When the New York Jets host the Buffalo Bills in a suddenly-pivotal AFC East matchup in two weeks, the Jets will be featuring a new running back to replace rookie Breece Hall, who is out for the season with a torn ACL.
Per Ian Rapoport of NFL Network and ESPN’s Adam Schefter, the Jets are acquiring veteran running back James Robinson from the Jacksonville Jaguars in exchange for a sixth-round pick in the 2023 NFL Draft that can escalate to a fifth-round pick based on some as-yet-unreported incentives.
Sources: The #Jets are making a big trade, acquiring #Jaguars RB James Robinson to help replaced injured RB Breece Hall. Draft pick compensation is going back to the Jags.— Ian Rapoport (@RapSheet) October 24, 2022
Comp update: Jets are trading a 6th-round pick that could become a 5th to Jacksonville for RB James Robinson, per source.— Adam Schefter (@AdamSchefter) October 24, 2022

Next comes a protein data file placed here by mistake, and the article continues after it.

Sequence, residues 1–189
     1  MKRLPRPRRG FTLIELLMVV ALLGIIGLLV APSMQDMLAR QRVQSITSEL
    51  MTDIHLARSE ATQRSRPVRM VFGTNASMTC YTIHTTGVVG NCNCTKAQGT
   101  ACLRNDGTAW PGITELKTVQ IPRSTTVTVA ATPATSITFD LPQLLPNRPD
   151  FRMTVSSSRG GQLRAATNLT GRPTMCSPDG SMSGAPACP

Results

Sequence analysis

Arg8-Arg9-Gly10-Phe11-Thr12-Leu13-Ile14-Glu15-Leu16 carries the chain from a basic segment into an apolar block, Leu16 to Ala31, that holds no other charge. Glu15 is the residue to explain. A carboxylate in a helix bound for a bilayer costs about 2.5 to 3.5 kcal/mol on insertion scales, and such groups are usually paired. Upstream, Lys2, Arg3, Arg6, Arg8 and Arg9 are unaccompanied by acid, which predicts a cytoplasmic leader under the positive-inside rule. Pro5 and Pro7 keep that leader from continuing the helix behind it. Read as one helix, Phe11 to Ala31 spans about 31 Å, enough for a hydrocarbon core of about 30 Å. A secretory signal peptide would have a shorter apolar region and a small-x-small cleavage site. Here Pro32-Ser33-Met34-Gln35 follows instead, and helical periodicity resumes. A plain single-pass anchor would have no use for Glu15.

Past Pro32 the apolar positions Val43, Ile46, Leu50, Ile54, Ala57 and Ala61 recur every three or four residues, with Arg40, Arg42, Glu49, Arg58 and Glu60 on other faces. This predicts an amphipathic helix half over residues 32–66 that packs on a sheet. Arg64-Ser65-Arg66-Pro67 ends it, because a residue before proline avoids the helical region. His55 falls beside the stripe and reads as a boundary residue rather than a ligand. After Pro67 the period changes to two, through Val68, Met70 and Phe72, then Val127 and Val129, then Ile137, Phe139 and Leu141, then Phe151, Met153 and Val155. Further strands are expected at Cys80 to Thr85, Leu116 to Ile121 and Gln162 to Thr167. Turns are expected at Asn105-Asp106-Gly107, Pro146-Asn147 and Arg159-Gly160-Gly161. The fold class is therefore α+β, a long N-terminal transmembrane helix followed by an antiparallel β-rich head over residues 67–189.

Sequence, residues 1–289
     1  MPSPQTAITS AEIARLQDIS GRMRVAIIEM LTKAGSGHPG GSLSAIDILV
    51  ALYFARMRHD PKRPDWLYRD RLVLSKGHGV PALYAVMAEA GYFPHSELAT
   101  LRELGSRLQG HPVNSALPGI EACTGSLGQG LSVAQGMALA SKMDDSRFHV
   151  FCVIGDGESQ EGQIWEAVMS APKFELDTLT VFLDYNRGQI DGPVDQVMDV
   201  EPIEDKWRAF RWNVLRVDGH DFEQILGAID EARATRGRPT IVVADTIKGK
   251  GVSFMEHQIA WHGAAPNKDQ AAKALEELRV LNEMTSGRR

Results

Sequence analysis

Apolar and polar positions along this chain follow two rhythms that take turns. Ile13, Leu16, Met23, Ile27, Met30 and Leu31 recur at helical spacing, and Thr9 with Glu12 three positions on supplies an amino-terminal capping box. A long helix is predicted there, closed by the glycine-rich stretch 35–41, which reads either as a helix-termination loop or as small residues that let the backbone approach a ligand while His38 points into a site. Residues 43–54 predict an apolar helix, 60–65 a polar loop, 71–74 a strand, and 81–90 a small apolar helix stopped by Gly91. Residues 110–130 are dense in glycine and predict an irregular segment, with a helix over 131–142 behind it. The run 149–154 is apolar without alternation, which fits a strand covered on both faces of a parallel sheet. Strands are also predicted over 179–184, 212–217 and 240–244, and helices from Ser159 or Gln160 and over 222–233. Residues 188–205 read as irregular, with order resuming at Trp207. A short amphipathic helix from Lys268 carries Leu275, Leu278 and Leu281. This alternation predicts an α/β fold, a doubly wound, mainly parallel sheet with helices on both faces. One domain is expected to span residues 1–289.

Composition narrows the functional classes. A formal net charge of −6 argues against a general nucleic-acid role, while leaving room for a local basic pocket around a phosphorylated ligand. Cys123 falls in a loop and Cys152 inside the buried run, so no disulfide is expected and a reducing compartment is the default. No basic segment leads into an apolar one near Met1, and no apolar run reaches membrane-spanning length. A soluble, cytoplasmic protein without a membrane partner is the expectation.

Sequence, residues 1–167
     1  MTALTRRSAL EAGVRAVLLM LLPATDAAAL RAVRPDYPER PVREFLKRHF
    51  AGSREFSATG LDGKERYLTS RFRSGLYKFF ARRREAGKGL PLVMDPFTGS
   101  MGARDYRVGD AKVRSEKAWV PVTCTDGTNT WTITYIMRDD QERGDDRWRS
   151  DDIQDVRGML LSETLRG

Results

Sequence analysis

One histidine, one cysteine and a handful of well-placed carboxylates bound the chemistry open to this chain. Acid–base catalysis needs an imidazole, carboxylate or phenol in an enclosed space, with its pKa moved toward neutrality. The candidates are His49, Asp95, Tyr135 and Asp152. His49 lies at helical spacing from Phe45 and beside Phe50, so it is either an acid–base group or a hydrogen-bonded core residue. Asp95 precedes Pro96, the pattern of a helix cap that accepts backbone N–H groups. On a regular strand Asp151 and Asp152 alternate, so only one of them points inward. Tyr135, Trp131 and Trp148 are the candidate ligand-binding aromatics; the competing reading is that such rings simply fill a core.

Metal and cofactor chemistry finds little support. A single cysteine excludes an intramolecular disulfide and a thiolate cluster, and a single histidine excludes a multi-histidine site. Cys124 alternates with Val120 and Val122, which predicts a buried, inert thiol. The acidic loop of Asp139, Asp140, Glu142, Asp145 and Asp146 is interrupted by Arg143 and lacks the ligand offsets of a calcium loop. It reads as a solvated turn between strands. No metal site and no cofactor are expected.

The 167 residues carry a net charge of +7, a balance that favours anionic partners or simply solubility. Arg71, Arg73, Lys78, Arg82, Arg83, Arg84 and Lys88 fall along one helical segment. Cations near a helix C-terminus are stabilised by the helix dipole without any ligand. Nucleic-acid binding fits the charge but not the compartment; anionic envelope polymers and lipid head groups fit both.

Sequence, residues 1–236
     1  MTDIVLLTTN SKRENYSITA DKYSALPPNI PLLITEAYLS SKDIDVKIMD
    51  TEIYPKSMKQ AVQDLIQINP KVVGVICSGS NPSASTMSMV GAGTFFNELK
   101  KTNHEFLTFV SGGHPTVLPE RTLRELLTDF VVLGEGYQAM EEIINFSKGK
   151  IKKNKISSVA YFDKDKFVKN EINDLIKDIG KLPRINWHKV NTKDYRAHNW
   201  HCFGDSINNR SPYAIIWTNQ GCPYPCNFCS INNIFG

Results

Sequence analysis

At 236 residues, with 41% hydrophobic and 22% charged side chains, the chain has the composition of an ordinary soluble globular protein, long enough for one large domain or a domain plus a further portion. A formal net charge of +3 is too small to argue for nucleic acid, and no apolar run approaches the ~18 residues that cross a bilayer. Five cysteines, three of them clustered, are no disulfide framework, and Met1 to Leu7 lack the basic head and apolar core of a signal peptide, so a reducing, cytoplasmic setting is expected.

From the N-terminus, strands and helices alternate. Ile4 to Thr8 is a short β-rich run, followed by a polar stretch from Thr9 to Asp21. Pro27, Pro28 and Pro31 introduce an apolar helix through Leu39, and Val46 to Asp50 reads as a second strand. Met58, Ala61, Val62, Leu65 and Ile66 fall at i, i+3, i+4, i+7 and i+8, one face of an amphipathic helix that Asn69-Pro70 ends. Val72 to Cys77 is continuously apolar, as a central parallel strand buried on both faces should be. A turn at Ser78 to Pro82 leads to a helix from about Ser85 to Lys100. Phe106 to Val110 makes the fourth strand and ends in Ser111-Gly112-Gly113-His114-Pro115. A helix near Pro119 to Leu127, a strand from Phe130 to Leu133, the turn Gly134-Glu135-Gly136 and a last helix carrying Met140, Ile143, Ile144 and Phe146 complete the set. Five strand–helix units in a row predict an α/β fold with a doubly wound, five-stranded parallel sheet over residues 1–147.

Hall, the 2022 second-round pick who had 681 scrimmage yards and five touchdowns in his first seven pro games, was injured in yesterday’s Jets win over Denver. He will miss the remainder of the season, but a strong recovery from this injury will place him right back atop the Jets’ backfield as a promising long-term talent.
Robinson, a third-year pro, has 386 scrimmage yards and four total touchdowns this season as he attempts to revive his career following a late-season Achilles injury. He started this season in productive fashion, but has steadily ceded playing time to second-year runner Travis Etienne in Jacksonville, making him a prime trade target for a team desperate at running back.
The Jets are 5-2 and squarely in contention for an AFC East title as the season nears its midway point. The loss of Hall hurts an offense that has struggled to move the ball through the air of late, but which had found an identity on the ground with Hall leading those efforts. Robinson won’t be able to replace Hall’s explosive playmaking ability, but he’s a workhorse runner that the Jets can rely on to maintain balance in their offense as they look to end an 11-season playoff drought.